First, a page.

The Whooping Crane is the most famous endangered bird in North America. In part because it is large, distinctive, and photogenic and partly because, since 1967, Canadians and Americans have cooperated in a successful recovery program to safeguard it from extinction.
In flight, Whooping cranes can be distinguished from other large white birds by the long neck extended forward and legs that trail equally straight behind. Whooping cranes communicate vocally with each other even while flying, using flight calls. Birds often confused with the Whooping Crane are American White Pelican, Tundra Swan, and Lesser Snow Goose. All three species are mostly or entirely white but, in flight, none has long legs trailing behind.
In order to not let the cranes human imprint, the team dawns gear so the cranes can not see their faces and they work by means of no speech and only hand signals.
You'll be able to follow the training of the cranes leading up to their first migration south. A journey that which will be broadcast LIVE and in-flight, you'll be up in the air with the cranes!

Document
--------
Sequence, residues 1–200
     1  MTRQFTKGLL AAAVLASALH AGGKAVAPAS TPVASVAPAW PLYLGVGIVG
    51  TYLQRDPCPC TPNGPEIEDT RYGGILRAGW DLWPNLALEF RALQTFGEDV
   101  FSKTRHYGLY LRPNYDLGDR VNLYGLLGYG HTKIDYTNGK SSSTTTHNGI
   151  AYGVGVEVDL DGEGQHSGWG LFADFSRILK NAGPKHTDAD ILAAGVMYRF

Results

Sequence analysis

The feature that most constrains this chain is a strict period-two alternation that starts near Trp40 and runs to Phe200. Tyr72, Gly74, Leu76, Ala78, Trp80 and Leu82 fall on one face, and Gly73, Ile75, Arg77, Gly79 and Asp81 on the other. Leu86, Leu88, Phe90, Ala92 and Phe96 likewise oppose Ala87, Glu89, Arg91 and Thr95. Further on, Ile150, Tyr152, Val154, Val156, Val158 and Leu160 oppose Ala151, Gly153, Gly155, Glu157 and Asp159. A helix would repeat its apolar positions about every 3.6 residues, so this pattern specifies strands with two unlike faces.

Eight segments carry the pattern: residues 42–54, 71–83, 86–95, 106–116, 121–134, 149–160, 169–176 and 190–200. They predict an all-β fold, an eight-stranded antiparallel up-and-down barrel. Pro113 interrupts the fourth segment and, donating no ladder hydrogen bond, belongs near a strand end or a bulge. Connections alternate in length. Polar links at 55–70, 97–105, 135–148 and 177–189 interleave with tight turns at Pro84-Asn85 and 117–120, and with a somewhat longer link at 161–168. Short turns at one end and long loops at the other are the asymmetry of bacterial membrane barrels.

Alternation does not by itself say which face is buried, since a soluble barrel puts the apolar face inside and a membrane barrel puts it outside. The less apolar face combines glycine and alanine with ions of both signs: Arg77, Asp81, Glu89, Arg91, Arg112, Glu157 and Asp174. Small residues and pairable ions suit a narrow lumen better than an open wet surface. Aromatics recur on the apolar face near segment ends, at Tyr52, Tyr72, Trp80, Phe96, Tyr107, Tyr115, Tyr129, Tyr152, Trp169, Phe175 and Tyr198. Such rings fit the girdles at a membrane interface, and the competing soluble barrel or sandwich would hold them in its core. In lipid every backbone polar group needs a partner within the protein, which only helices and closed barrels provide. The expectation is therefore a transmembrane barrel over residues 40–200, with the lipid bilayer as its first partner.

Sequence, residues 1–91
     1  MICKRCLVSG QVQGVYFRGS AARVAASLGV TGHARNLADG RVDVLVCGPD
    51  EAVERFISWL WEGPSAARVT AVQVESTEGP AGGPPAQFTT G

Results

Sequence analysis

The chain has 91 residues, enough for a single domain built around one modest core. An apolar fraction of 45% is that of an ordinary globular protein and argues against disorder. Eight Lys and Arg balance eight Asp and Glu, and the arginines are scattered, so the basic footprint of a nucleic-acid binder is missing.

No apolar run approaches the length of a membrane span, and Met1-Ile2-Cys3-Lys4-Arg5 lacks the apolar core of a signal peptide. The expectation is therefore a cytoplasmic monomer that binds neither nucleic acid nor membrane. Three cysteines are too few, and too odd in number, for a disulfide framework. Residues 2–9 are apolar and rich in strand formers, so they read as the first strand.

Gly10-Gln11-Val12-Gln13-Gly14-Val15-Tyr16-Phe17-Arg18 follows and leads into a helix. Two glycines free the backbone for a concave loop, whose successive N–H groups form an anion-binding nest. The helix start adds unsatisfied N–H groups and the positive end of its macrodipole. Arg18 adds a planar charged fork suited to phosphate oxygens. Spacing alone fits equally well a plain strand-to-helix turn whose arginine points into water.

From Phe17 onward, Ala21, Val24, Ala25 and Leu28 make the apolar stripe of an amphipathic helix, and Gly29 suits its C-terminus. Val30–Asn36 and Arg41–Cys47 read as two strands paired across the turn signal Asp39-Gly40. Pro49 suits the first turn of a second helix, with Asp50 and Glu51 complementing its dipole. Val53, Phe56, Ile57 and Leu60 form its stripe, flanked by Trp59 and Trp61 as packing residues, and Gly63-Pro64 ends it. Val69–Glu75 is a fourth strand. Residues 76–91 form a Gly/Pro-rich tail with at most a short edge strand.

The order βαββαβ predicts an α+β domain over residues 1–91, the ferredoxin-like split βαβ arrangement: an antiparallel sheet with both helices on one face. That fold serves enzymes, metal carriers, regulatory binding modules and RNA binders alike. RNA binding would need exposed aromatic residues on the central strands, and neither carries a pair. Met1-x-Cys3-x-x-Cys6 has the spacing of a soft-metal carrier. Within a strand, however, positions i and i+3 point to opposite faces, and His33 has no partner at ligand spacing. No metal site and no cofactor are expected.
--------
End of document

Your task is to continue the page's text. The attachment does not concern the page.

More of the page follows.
The cam is operating from 4am to 11pm Central time and will continue to do so until the cranes depart on their first migration with the aircraft in mid-October. From that time, they will switch to the TrikeCam and broadcast LIVE directly from inside the aircraft. On days when weather prevents the team and the cranes from advancing they will set it up as a static camera from the travel enclosure.
Recovery Efforts next page
International Whooping Crane Recovery Team
The Whooping Crane Recovery Team (WCRT) is the governing body charged with responsibility of the species. Consisting of ten members: five Americans and five Canadians the team of ornithologists and biologists provide policy recommendations to the U.S. Fish & Wildlife Service and Canadian Wildlife Service. Primarily, the team plans actions to protect the Aransas/Wood Buffalo natural flock and to establish two additional flocks in efforts to safeguard the whooping crane from possible extinction.
The team's efforts to establish a non-migratory Whooping crane flock began in Florida in 1993, using cranes hatched in captivity. In September, 1999, after searching for the best possible location to establish a second migratory flock, the team recommended that the flock be taught a migration route with central Wisconsin as the northern terminus and the west coast of Florida as the new wintering location. The WCRT sanctioned Operation Migration's ultralight-led migration technique as the main reintroduction method.